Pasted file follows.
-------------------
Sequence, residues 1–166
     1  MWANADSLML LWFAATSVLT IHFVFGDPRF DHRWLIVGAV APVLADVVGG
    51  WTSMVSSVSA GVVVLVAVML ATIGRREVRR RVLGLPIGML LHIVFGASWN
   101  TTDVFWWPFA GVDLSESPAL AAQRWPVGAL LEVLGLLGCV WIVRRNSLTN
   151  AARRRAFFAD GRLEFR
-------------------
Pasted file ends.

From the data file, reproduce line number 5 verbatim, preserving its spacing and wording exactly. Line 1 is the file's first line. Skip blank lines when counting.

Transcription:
   151  AARRRAFFAD GRLEFR